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Five Amazing Spots at Budapest’s Lehel Market Hall

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Budapest’s Great Market Hall on Fővám Square tends to get most of the attention. But it is far from the only market hall in Budapest, and for some of us, it’s not even the favorite. From market halls like Hold Utca Market Hall in the District V to the Buda-side Fény Utca Market Hall in District II, each has its own distinctive character. In the coming months, we will look at a few of the market halls that don’t get as must attention, beginning with the most lively and arguably, the best in Budapest: Lehel Piac (Lehel Market) in District XIII.

The quality of the produce and the diversity of food stands here is exceptional, and we could have easily listed many more highlights. Lehel Market is one of the rare markets that still relies on tables set up in the center of the hall for vegetable sellers, who all have their own specialties. At one you will find yellow and green tomatoes, and another Romanesco broccoli, along with dependably inexpensive staples. The food stalls on both the first and second floors include two Vietnamese spots, a few lángos stands, and what some regard as the best fried chicken sandwich in the city.

Lehel is a large market, in a building designed to look like a ship—though it comes off looking more like a misbegotten, ugly cousin to the Pompidou Center. In the opinion of Steve Fallon of the Lonely Planet travel guide, “Lehel Csarnok is housed in a hideous boat-like structure designed by László Rajk, son of the Communist minister of the interior executed for ‘Titoism’ in 1949. Apparently this is his revenge.” For some, however, its unattractiveness is part of the charm.

Once inside, Lehel Piac takes some time to get to know—but once you do, it is hard to imagine shopping anywhere else. So, without further delay, here are a few of the amazing stands and food stalls we frequent when shopping at Lehel Piac.


This humble but impressive gourmet cheesemonger recently moved from a less trafficked side passageway to the center hall, no doubt due to its popularity. Focusing on French and other international cheeses and delicacies, it offers a touch of worldliness to the very locally minded market. Highly recommended are the Spanish manchego, and French gruyere, while the best value is a small wheel of French camembert for a mere 320 forints. Equally enticing are the other French products: salted butter, liver pates, and occasionally yoghurt.


Since opening a few years back, Hanoi has taken over the adjoining shop to add more space, expanding from its original four table setup. Don’t be surprised to see older Hungarians trying their first bowl of Vietnamese pho here. And for the price, it’s the best in the city, at 1,200 HUF for a large bowl, with variations of beef, chicken, and shrimp. Moreover, Hanoi also now serves other traditional Vietnamese dishes and Vietnamese coffee. Go for an early or late lunch to avoid the crowd, but if you can’t get a seat, head down the aisle to Mien Tay Quan, the second Vietnamese spot to open in the market.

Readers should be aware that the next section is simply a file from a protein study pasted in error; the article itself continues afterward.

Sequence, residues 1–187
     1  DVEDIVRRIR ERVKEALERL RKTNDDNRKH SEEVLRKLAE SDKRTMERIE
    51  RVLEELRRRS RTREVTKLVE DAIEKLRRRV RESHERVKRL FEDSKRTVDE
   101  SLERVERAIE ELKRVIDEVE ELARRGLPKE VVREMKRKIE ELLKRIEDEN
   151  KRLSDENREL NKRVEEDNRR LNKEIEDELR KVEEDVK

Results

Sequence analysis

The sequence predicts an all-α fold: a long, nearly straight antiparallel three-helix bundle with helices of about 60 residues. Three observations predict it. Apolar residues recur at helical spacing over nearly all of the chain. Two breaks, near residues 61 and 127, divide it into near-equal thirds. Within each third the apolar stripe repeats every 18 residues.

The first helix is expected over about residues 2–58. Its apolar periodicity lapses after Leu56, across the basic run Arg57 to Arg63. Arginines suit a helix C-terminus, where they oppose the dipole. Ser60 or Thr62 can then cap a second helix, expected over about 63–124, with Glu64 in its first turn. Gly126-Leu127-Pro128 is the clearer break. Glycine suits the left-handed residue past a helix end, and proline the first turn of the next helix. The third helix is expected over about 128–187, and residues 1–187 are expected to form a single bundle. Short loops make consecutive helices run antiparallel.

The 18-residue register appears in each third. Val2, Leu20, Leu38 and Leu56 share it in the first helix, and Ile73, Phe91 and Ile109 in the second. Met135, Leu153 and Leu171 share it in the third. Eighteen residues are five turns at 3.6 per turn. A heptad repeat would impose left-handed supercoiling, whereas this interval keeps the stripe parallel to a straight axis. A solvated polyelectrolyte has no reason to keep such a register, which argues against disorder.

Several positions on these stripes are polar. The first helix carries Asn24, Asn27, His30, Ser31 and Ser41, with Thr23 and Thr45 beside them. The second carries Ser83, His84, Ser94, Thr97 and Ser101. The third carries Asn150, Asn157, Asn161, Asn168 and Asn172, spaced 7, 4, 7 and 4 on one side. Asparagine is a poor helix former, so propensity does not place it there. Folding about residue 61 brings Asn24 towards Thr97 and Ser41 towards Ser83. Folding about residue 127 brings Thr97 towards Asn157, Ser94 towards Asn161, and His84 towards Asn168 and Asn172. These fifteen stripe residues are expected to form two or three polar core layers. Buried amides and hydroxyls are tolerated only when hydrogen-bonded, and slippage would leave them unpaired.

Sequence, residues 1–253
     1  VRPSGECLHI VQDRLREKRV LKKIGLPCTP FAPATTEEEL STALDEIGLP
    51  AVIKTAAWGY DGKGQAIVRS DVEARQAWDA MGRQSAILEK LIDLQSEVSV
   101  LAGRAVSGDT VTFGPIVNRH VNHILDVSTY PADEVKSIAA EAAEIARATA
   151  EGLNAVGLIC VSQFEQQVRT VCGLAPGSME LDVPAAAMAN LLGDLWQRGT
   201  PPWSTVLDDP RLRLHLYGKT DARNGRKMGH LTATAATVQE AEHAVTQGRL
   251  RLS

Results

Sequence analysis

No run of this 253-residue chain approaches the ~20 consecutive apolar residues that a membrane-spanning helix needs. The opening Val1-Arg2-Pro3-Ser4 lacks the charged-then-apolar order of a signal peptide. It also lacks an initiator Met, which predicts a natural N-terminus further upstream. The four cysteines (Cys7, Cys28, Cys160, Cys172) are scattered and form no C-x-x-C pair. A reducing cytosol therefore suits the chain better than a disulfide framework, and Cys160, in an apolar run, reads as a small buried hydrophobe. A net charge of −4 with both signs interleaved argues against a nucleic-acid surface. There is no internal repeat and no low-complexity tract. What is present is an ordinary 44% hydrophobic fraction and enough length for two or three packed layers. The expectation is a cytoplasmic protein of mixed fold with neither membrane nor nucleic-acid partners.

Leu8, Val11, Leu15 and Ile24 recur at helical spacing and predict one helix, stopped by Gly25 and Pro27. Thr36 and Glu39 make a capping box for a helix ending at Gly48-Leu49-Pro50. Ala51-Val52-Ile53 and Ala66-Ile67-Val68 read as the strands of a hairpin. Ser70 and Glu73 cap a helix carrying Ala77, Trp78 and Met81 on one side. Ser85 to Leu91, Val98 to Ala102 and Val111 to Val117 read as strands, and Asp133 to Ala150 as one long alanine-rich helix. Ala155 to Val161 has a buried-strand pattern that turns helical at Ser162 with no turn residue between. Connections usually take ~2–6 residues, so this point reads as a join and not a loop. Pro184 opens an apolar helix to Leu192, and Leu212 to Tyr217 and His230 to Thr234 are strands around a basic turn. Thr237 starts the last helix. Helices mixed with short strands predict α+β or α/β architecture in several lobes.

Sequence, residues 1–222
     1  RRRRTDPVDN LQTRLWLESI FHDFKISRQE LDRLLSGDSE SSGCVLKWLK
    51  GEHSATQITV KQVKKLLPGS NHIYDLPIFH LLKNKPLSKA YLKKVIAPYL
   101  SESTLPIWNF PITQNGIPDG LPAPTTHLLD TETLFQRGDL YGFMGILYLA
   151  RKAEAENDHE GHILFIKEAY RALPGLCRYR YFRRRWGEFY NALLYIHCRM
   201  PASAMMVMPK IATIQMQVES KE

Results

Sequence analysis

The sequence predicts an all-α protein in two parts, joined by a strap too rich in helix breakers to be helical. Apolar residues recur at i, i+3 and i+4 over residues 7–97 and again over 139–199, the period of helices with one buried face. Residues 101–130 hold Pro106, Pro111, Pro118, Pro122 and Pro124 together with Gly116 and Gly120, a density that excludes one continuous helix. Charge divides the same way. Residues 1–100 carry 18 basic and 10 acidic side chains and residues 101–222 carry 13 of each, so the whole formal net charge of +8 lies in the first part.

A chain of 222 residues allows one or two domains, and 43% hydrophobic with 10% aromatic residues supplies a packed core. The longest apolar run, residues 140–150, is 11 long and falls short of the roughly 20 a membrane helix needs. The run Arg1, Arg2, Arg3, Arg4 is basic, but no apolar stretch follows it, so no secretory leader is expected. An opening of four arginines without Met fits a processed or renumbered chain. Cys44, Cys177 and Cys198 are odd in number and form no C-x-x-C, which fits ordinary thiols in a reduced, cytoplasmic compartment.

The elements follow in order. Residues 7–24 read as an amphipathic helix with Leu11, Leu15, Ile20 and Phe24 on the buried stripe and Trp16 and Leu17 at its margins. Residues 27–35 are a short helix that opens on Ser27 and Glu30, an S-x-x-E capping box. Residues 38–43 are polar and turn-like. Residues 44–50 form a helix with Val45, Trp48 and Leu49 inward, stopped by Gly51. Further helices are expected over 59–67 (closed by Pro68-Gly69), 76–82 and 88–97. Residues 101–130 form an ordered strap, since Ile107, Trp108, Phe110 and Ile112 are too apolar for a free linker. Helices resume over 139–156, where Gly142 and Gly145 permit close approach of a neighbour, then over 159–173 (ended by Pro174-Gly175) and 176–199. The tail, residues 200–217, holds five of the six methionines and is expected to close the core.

This quality butcher is at the back of the hall, selling a variety of meat, along with artisanal dry sausages, which are the real reason to shop there. Alongside the traditional selection of dry pork sausage, you can find turkey sausage, goose sausage as well as mutton, ox, mangalica, and horse sausage. In a city where butchers tend to be gruff, the people behind the counter at Haranyi és Társa are polite and will humor your patchy Hungarian, should you choose to deploy it.


On the west side of the main hall, from a small fragrant table, the ‘spice ladies’—as the mother/daughter duo are collectively called in certain circles—sell satchels of fresh-cut sage, tarragon, basil, thyme, and chives as well as whole chilli peppers like Jalapenos and Hungarian hot peppers. At 350 forints a bag, the zöldfűszer—‘green’ spices that aren’t dried—are a great deal. Know your spice names in Hungarian, unless you can identify them by smell and sight.


Run by older folks, but for hungry day-drinkers of all ages, this lángos and rum stand right off the center hall, next to a row of pickle stands, sells fresh-made lángos (fried dough) and fánk (Hungarian donuts), as well as inexpensive shots of rum and other spirits. The delightful proprietors make sure you’ve got everything you want coffee and tea-wise as well. So never mind that it’s ten in the morning: dig into that shot of hard booze while scarfing down your sour-cream-and-cheese-covered fried dough that you so richly deserve.